How to Spot Early Signs of an Alcohol Abuse Disorder

Alcohol has, for the most part, become a mainstay of American culture, for use during celebratory occasions and sporting events as well as a part of mealtimes in some households. Within many social settings, drinking is an expected form of recreation. These scenarios can pose a considerable risk for someone who’s susceptible to alcohol abuse and addiction.

During the early stages of alcohol abuse, a few mild symptoms can easily go unnoticed as alcohol tends to have a cumulative effect on brain and body functions. Ideally, it’s best to catch a growing problem early on since the longer a person waits the harder it is take action. Ultimately, being able to spot signs of alcohol abuse early on can save you a lot a pain and frustration down the road.

How Alcohol Works

According to University of Maryland Medical Center, an estimated 17 million Americans struggle with alcohol abuse problems, while over 70 million deal with alcoholism in their families. Alcohol ranks first as the most commonly abused addictive substance and is one of the four most common causes of death in the United States.

Alcohol acts as a depressant, slowing the brain’s electrical activity as well as most every major system regulated by the body’s central nervous system. The brain also develops an ongoing tolerance for alcohol’s effects, meaning increasingly larger amounts are needed to produce its desired effects.

Alcohol Abuse Disorder

Bouts of emotional distress are an indicator of an alcohol abuse disorder.

Over time, alcohol starts to eat away at the brain’s cell structures, particularly the cells that produce essential neurotransmitter chemicals, such as glutamate and GABA. Changes in glutamate and GABA levels account for fluctuations in electrical activity as well as slower cell activity overall. Before long, rampant chemical imbalances start to develop in the brain. These conditions lay the foundation for alcohol abuse practices to take hold.

Not sure if your insurance will help cover your treatment costs? Call our helpline at 888-647-0051 (Who Answers?) for more information.

Signs of an Alcohol Abuse Disorder

Signs of alcohol abuse develop gradually over time, impairing the brain’s ability to regulate the body’s processes at the start. With continued drinking, chemical imbalances start to interfere with major brain centers, such as cognition, learning and emotions.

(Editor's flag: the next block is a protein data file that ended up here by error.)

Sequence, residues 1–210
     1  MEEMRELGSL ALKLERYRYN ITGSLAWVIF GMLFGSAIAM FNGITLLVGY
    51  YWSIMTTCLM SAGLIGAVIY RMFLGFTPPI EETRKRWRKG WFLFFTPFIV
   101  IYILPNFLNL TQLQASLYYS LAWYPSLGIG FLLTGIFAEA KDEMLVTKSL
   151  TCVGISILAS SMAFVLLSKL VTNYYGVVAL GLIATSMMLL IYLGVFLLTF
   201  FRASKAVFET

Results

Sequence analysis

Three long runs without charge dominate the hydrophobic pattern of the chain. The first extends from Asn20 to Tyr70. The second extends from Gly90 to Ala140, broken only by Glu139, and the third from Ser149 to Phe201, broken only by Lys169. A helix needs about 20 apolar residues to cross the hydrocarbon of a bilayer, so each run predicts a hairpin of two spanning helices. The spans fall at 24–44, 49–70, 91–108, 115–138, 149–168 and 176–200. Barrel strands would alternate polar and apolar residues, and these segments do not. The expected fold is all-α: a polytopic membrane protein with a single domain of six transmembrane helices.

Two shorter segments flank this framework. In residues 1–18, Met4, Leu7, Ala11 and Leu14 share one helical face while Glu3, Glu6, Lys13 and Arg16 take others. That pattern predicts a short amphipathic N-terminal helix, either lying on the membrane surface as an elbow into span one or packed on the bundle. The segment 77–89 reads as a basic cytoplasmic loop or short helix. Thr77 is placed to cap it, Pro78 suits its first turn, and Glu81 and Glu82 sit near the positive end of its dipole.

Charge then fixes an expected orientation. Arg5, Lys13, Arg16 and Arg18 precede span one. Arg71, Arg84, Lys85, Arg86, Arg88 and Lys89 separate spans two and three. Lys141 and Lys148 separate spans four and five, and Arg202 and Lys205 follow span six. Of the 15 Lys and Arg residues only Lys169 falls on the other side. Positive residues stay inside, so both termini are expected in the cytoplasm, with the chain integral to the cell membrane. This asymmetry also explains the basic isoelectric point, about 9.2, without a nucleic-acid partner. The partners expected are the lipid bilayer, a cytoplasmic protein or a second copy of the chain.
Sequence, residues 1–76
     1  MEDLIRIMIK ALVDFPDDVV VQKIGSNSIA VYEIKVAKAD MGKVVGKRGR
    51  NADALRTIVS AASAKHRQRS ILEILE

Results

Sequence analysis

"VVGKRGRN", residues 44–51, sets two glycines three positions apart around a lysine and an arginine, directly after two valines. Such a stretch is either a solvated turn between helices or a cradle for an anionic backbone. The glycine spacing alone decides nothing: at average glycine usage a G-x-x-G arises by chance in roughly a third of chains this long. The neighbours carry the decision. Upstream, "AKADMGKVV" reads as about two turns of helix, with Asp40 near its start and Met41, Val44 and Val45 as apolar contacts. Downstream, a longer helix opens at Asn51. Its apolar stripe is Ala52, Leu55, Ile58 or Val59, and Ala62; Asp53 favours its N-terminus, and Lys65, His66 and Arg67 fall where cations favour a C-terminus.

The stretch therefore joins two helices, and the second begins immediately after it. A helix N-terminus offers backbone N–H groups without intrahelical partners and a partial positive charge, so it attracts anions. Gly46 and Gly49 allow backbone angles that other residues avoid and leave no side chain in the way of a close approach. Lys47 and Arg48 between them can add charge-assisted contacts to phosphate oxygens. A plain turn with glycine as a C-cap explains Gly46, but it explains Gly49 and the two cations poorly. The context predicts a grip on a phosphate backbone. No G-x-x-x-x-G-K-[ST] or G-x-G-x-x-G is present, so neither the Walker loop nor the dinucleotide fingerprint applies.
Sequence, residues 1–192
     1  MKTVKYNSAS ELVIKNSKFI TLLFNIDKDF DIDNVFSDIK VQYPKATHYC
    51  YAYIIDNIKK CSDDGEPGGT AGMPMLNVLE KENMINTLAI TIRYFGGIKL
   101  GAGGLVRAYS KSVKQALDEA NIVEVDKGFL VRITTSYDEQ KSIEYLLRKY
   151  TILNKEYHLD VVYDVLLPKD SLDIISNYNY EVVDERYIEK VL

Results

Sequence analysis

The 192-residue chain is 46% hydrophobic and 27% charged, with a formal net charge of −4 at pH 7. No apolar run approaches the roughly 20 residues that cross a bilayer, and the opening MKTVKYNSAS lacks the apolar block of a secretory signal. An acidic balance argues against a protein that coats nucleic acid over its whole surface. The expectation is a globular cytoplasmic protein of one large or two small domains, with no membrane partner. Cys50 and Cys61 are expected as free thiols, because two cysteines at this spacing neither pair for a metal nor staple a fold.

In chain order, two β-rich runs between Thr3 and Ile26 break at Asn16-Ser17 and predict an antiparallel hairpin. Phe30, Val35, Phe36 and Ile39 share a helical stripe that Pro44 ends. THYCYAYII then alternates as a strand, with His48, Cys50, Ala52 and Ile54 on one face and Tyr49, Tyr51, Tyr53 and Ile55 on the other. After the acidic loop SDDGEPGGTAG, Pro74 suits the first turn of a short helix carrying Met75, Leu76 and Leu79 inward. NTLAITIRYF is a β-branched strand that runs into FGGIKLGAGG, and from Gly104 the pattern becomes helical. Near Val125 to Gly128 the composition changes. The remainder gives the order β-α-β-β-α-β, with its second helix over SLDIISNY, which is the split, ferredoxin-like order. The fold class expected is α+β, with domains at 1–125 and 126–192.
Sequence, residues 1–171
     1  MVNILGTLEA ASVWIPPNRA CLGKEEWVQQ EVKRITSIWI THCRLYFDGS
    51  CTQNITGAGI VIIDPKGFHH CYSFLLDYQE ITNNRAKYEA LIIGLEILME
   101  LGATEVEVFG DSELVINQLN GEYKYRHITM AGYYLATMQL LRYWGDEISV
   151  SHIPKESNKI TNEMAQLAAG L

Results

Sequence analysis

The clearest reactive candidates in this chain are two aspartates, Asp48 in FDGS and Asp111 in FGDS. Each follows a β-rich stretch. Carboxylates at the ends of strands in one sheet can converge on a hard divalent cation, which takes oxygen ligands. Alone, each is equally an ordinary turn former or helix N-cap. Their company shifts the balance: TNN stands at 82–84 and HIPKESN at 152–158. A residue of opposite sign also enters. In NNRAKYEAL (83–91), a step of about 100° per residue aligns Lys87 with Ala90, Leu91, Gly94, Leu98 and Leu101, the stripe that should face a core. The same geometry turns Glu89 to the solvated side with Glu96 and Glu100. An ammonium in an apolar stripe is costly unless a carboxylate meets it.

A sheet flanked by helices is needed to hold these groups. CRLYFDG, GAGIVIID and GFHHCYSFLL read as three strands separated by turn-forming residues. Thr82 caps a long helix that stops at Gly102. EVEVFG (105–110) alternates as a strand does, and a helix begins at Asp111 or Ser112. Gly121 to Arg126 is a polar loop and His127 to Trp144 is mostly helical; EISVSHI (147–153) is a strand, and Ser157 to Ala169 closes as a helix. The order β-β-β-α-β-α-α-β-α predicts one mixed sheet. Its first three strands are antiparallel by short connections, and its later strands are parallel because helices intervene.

According to the National Institute of Alcohol Abuse & Alcoholism, signs of alcohol abuse to watch out for include:

  • Experiencing withdrawal symptoms, also known as “hangovers” on a frequent basis
  • Not being able to control how much one drinks or drinking longer than intended
  • Relationship problems that arise as a result of drinking behaviors
  • Risk taking behaviors
  • Failed attempts to stop drinking or reduce alcohol intake
  • Legal problems, such as DUIs or public intoxication
  • Decline in physical health
  • Spending more time drinking and less time engaged in activities you once enjoyed
  • Bouts of emotional distress

Risk Factors

While not everyone who drinks will develop an alcohol abuse disorder, certain risk factors tend to make certain people more susceptible than others. Risk factors commonly associated with alcohol abuse include:

  • Traumatic childhood events involving sexual, emotional and/or physical abuse
  • Drinking early on in life during the teen years
  • Living a high-stress lifestyle
  • Psychological problems, such as depression or anxiety disorders
  • Coming from a broken home
  • Smoking

If you suspect you or someone you know may be struggling with an alcohol abuse disorder and need help finding a treatment program that meets your needs, please don’t hesitate to call our toll-free helpline at 888-647-0051 (Who Answers?) to speak with one of our addictions specialists.


I NEED TO TALK TO SOMEONE NOWI NEED TO TALK TO SOMEONE NOW888-647-0051Response time about 1 min | Response rate 100%
Who Answers?

Where do calls go?

Calls to numbers on a specific treatment center listing will be routed to that treatment center. Calls to any general helpline will be answered or returned by one of the treatment providers listed, each of which is a paid advertiser.

By calling the helpline you agree to the terms of use. We do not receive any commission or fee that is dependent upon which treatment provider a caller chooses. There is no obligation to enter treatment.